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Sydney Opera House | AccountingWEB | UK-Australia deal backed amid talent shortage

UK-Australia deal backed amid talent shortage


A deal signed between audit watchdogs in the UK and Australia is expected to increase the supply of auditors in a bid to tackle the shortage.

9th Apr 2024
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The mutual recognition agreement signed between audit watchdogs in the UK and Australia should “increase the supply of high-quality auditors for both economies”, according to the Association of Chartered Certified Accountants (ACCA).

The UK’s Financial Reporting Council (FRC) and the Australian Securities and Investment Commission (ASIC) have announced a Memorandum of Understanding on Reciprocal Arrangements (MOURA).

The agreement is designed to make it easier for auditors to work between both countries and allows those who have obtained professional audit qualifications as a statutory auditor in either the UK or Australia to “more easily apply for recognition of their qualification and audit rights in the other nation”.

It follows the UK and Australia’s free-trade agreement coming into force in May 2023, which included a chapter on the recognition of professional qualifications.

Increase the high-quality supply

Maggie McGhee, executive director for strategy and governance at ACCA, believes that over time, the MOURA “should increase the supply of high-quality auditors for both economies”.

“This is important at a time when audit talent globally is increasingly in short supply,” she said. “This will in turn support the continued efforts from the respective regulators of the two countries to drive high-quality audit in the public interest.”

Simon Grant, group executive of advocacy and international development for Chartered Accountants Australia & New Zealand, noted that the ability to be recognised and work overseas is a “major drawcard for a career in audit, and this agreement provides greater clarity and confidence for auditors moving between Australia and the UK”.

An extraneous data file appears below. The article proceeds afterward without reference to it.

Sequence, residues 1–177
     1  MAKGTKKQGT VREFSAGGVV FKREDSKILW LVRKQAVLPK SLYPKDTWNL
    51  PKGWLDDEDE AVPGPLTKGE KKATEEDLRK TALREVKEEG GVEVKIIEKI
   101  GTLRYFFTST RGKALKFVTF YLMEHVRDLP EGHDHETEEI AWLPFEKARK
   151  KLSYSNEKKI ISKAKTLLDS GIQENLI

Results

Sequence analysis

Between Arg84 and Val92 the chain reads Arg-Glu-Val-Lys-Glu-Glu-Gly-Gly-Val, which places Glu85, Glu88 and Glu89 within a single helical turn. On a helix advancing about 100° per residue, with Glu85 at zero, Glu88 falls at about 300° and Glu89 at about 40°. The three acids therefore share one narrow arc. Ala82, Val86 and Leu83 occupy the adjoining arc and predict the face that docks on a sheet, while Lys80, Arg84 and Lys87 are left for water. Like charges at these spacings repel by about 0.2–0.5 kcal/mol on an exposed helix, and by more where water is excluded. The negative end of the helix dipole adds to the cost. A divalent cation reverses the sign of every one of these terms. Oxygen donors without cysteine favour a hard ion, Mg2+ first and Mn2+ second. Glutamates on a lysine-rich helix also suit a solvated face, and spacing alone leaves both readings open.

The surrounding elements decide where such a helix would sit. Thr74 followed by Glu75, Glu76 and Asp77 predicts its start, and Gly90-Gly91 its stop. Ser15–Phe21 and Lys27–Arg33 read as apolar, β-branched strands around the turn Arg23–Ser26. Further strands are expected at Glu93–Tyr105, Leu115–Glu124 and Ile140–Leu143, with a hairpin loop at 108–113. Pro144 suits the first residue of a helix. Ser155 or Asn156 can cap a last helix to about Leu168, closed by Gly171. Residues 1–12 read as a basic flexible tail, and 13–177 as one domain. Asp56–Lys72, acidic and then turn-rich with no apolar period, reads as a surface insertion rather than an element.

Jonathan Jones, director of policy and strategy for the Institute of Chartered Accountants in England and Wales (ICAEW), believes deals like this help to address a “significant problem” with foreign-qualified auditors’ ability to work in the UK.

Brexit creating challenges

Under the 2006 Companies Act, auditors are required to hold an approved audit qualification to gain UK signing rights. However, the ICAEW has noted that so far, “very few” overseas qualifications are approved.

Jones said that Brexit has created additional challenges, adding: “When the UK was in the EU, mutual recognition was part and parcel of that arrangement. However, EU auditors now fall under the same category as those from further afield.

“This lack of qualification recognition in the UK means that a foreign-qualified auditor – who may be both highly experienced and senior – will have to spend time and effort gaining further approved UK experience and passing exams here before they can acquire the UK audit qualification.”

A welcome step

Jones said it’s a process that “takes at least two years and as long as three”.

“That can be a challenge for UK audit firms and the individuals concerned,” he said. “From an employer perspective, the individuals may already possess the same quality and quantity of experience as UK auditors. Qualification recognition deals such as this are a welcome step to improving the situation.”

Replies (4)

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By Postingcomments
09th Apr 2024 17:16

should “increase the supply of high-quality auditors for both economies”

An increase for both countries? 2+2=5

Thanks (4)
By FactChecker
09th Apr 2024 20:20

I know we're no longer allowed to think of all Aussies as descended from ex-convicts ... but the opportunity for a joke (or at least a wry grimace) has been missed here.

Was it not only last year when yet another substantial fine was handed out (to KPMG this time) ... but uniquely neither for incompetence nor financial malfeasance - just the breath-taking audacity of widespread cheating (via management-endorsed supply of answers to one and all) during their Ethics & Independence online exams!

No wonder we're interested in importing such qualified drongos back for our auditing needs!

Thanks (4)
Replying to FactChecker:
By FactChecker
10th Apr 2024 10:16

It's been pointed out to me that I failed to make the connection explicit ... in that it was KPMG in Australia who were fined for cheating on Ethics exams.
With that (lack of) attention to detail, maybe I should take up auditing!

Thanks (4)
Replying to FactChecker:
By Paul Crowley
10th Apr 2024 19:25

Add another £20M for exam cheating in the Netherlands for KPMG.

Thanks (3)